While Phenotypeca is a yeast biofoundry business with core expertise in yeast strain development for cGMP manufacturing, we prefer to partner with experts in different product areas, in this case, the production of VLP-based vaccines. Vax-Hub provides the perfect complement of knowledge in areas such as vaccinology, immunology, down-stream processing and LMIC (Low-to-Middle Income Country) manufacturing. During our collaborations with The Jenner Institute, Vax-Hub has provided opportunities for cooperation with various experts, increasing the likelihood of successful outcomes. For example, down-stream processing advice from UCL, useful insights on process economics from Imperial College, or factors important to manufacturing by LMICs from industry partners could all affect important strain selection decisions. The Vax-Hub Collaboration Agreement facilitates rapid knowledge exchange between its academic and industrial members, who, with shared interests and goals, stand a significantly better chance of improving vaccine manufacturing when working together.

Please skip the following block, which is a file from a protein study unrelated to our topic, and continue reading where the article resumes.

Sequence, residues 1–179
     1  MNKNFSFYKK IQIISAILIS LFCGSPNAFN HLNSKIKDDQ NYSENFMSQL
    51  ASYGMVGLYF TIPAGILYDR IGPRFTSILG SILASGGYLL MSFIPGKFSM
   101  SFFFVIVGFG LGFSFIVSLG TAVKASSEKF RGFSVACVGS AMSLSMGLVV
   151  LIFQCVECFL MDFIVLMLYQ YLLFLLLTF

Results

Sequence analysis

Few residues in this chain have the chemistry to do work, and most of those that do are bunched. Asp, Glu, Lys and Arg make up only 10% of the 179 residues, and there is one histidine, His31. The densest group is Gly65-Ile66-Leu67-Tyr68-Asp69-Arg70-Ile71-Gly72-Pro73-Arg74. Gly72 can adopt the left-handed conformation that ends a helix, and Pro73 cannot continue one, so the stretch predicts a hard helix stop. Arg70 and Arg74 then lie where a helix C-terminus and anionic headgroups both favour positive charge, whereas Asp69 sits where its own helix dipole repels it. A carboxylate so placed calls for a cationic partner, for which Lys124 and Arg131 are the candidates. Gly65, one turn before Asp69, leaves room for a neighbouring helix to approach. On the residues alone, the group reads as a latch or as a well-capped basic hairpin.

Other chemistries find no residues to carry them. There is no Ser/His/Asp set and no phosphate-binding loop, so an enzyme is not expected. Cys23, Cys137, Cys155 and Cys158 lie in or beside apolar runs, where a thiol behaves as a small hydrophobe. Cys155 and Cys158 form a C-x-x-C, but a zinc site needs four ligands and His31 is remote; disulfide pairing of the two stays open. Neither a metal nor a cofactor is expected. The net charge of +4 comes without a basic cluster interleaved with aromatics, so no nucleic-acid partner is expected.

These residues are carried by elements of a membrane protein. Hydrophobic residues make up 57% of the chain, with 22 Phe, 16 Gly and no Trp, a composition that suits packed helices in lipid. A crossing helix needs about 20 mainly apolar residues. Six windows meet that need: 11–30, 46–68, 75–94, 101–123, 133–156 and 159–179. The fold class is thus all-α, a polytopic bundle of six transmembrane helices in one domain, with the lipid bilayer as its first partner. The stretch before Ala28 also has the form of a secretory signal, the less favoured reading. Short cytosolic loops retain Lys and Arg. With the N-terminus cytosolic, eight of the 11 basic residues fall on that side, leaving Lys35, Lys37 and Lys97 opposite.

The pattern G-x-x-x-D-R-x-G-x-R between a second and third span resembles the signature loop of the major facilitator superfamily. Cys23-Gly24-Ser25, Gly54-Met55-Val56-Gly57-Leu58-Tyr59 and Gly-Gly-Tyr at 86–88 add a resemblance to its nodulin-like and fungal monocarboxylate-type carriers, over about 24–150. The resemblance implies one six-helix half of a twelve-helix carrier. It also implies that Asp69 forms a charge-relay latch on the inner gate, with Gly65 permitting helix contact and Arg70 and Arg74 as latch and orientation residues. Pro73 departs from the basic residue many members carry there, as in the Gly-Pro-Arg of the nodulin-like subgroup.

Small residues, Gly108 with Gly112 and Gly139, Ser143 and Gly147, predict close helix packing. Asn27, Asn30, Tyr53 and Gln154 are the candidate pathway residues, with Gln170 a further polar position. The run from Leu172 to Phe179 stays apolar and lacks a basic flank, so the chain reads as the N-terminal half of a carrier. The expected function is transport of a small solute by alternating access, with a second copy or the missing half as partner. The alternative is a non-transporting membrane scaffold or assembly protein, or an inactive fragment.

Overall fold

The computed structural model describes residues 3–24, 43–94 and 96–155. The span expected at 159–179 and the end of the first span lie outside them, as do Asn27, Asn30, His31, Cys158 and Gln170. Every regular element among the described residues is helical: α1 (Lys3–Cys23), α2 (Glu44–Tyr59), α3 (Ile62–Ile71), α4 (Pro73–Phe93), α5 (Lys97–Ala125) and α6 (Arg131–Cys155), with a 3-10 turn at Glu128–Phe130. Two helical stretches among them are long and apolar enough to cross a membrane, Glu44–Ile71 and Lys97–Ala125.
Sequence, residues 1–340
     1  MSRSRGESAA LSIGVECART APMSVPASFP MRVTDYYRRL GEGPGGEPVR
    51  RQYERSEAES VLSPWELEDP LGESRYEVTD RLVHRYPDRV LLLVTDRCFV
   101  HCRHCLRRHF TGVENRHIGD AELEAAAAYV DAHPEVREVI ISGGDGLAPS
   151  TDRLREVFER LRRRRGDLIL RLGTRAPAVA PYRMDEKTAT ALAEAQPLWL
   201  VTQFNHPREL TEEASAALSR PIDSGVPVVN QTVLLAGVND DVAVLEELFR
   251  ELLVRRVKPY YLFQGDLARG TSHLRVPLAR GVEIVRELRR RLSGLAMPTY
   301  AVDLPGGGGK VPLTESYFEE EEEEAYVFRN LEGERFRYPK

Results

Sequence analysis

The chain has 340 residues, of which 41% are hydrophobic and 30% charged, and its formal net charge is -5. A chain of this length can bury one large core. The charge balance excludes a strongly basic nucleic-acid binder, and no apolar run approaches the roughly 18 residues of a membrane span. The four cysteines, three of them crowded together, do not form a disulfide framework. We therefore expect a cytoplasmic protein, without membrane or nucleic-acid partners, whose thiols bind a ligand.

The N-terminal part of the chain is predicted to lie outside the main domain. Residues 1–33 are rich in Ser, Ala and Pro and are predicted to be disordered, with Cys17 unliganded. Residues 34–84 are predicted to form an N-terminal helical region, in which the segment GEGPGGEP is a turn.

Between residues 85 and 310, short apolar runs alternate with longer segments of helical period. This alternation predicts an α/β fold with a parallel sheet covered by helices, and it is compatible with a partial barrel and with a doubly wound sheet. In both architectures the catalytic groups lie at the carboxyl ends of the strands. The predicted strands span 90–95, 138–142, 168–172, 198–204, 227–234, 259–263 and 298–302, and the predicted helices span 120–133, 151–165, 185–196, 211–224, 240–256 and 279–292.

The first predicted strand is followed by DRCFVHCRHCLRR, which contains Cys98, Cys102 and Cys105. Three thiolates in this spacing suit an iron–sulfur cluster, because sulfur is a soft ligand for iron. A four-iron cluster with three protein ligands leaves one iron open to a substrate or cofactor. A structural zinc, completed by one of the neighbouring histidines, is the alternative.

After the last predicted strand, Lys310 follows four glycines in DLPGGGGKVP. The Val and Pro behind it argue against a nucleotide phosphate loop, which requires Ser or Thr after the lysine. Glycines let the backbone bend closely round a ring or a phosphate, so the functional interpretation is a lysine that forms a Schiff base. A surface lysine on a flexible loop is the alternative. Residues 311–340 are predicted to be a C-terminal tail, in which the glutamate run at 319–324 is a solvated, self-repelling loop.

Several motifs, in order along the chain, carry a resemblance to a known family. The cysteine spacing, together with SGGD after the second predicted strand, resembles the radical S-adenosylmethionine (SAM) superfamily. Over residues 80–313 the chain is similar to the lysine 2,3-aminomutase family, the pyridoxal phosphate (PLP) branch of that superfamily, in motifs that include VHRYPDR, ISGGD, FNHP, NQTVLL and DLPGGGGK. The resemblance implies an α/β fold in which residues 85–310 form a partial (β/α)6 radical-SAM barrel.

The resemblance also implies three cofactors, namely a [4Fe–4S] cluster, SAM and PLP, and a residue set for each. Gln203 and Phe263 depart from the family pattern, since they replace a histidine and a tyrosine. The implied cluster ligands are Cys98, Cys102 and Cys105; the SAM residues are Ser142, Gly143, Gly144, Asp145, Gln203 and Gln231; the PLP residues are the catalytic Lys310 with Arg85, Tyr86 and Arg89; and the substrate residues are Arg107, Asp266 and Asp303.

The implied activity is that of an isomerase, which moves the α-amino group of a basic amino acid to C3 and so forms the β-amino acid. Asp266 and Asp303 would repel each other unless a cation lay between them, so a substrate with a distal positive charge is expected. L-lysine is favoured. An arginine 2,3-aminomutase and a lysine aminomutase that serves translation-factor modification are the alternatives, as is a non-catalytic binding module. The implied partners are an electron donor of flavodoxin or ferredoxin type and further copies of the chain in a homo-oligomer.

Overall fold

From a personal perspective working in a biotechnology start-up company within Vax-Hub is also incredibly exciting. Since we have started exploring diverse yeast libraries for traits beneficial to recombinant protein production, we have been amazed by the diversity of phenotypes observed. It would be much harder for a relatively small company, like Phenotypeca, to follow-up on positive results like these alone, if we were not part of Vax-Hub. It also provides an excellent forum for the professional development of researchers working within Vax-Hub, whether in academia or industry.
Your company is mainly focusing on VLP vaccine development – what led the company to choose this particular research area?
Phenotypeca chose VLP vaccine development because there is a need to improve the established yeast-derived vaccine manufacturing processes, e.g. especially around cost-of-goods, sustainability and robustness; and to develop new technologies and strategies, e.g. for rapid response to emerging threats. We would also like these new technologies to be more widely available than they have been for first-generation processes, especially for LMICs.